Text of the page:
James Masse struggled with severe mental illness
for years. Eventually, he was placed in Adult Protective Services, but even that wasn’t enough to help him. When Masse was found walking into oncoming traffic, Kendra’s Law
- New York’s version of assisted outpatient treatment (AOT) - was enacted for him. According to Megan Johnson, deputy clinical director at the Office of Community Services for Warren and Washington Counties:
It's a "last resort," Johnson said, but can help people avoid ending up in jail
or an emergency room.
"It is the most restrictive measure available to us, and taking away an individual's freedom of choice is not something we take lightly," she said. "But it allows us to intervene earlier, before they become an imminent danger to themselves or others.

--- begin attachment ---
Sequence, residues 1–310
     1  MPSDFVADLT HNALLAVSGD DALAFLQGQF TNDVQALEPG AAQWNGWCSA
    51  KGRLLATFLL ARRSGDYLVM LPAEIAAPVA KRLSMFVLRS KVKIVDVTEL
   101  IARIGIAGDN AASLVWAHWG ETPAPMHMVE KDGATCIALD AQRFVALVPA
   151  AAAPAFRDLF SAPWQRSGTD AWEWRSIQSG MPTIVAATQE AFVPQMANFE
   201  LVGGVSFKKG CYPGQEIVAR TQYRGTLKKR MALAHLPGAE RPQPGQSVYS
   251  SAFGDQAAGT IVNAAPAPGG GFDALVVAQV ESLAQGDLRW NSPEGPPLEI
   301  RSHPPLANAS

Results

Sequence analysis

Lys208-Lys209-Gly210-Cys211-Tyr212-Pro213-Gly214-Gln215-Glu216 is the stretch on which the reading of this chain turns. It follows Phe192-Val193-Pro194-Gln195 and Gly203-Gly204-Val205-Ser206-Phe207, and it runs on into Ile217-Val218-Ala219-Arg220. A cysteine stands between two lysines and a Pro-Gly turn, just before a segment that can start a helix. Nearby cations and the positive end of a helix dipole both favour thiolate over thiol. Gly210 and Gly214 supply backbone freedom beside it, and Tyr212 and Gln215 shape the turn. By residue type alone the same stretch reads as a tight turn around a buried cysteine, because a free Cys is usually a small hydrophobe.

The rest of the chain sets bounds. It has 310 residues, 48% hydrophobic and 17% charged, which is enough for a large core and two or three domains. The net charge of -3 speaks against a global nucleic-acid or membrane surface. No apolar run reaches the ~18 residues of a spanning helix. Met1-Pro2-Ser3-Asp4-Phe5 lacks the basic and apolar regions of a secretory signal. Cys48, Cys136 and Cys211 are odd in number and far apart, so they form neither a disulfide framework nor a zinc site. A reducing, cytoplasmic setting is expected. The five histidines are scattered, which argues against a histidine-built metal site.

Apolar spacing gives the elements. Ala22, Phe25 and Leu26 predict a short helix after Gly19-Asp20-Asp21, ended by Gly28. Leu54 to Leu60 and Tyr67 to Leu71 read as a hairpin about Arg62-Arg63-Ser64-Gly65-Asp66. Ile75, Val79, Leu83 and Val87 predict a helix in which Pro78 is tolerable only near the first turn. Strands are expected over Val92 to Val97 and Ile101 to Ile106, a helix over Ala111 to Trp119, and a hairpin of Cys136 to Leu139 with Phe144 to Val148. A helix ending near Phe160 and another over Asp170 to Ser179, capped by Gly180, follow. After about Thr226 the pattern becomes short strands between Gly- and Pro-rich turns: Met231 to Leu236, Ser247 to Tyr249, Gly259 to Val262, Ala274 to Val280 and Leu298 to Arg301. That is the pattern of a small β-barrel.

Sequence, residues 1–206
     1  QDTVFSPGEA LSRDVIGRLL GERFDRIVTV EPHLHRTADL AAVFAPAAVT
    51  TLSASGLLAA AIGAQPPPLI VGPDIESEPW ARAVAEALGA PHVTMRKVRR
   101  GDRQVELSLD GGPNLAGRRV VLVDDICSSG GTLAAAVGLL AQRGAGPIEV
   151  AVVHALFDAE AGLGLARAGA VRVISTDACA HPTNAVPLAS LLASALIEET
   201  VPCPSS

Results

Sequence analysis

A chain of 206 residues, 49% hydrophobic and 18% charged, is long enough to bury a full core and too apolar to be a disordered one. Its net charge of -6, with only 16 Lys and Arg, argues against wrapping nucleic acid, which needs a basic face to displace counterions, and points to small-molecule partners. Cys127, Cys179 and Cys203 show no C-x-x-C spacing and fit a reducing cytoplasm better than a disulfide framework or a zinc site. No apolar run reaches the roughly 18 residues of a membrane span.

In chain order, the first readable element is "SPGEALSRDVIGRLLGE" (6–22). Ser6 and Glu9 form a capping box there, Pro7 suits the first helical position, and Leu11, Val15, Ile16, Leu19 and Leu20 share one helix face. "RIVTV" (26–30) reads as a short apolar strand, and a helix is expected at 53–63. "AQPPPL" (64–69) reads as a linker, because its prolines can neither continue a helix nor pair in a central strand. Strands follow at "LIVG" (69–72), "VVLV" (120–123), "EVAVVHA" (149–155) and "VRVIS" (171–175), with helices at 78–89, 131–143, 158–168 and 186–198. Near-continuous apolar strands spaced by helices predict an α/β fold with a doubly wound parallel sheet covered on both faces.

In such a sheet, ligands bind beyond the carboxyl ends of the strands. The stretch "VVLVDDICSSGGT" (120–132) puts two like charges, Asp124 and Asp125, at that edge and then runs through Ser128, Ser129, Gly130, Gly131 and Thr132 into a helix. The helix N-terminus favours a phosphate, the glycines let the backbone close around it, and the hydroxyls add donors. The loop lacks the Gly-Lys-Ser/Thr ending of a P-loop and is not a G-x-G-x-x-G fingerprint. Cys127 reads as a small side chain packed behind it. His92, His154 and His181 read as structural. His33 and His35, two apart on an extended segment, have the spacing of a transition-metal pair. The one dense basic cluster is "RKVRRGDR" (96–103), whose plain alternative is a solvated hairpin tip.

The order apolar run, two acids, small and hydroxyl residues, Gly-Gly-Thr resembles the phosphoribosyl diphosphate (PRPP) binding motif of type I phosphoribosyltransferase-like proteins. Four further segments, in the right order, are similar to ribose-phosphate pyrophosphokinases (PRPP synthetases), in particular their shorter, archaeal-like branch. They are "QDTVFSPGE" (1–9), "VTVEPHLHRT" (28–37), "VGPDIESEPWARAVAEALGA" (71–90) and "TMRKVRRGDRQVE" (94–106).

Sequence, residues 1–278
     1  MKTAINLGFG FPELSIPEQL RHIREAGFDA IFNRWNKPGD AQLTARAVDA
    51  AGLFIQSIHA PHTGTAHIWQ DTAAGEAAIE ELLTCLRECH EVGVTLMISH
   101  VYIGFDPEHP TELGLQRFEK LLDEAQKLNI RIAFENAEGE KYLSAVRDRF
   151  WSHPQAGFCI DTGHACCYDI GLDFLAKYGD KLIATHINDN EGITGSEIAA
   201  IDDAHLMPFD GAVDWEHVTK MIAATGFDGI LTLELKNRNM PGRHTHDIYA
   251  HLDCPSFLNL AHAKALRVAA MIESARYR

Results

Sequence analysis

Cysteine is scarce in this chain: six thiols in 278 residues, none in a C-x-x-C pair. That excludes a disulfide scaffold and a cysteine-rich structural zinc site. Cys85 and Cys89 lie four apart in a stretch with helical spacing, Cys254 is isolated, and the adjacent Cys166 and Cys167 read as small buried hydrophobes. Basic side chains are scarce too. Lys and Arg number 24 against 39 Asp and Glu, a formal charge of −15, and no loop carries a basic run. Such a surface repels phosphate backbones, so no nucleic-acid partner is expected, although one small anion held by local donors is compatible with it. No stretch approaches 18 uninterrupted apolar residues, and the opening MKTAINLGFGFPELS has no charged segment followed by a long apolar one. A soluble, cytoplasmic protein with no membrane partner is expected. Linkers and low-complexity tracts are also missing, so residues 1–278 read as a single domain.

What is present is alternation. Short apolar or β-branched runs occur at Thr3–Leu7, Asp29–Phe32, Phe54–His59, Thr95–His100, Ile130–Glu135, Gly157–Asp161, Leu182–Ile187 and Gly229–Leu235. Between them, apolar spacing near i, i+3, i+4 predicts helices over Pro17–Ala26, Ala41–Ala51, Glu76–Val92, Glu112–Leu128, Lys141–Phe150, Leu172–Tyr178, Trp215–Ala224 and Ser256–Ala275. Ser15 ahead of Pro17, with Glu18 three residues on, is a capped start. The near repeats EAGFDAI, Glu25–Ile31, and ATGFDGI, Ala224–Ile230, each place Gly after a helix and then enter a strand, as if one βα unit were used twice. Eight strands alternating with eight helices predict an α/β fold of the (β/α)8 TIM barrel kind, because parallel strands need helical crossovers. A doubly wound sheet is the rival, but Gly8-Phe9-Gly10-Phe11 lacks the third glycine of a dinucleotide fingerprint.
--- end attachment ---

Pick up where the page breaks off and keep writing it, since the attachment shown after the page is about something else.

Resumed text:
Thanks to AOT Masse’s life has turned around. Masse says:
"I'm not ashamed of having a chemical imbalance. It's something that happened by accident; it's not like I'm being struck down for doing something bad," he said.
"If other people can help and not be the way I was, that's good."
Labels: Assisted Outpatient Treatment, Kendra's Law, New York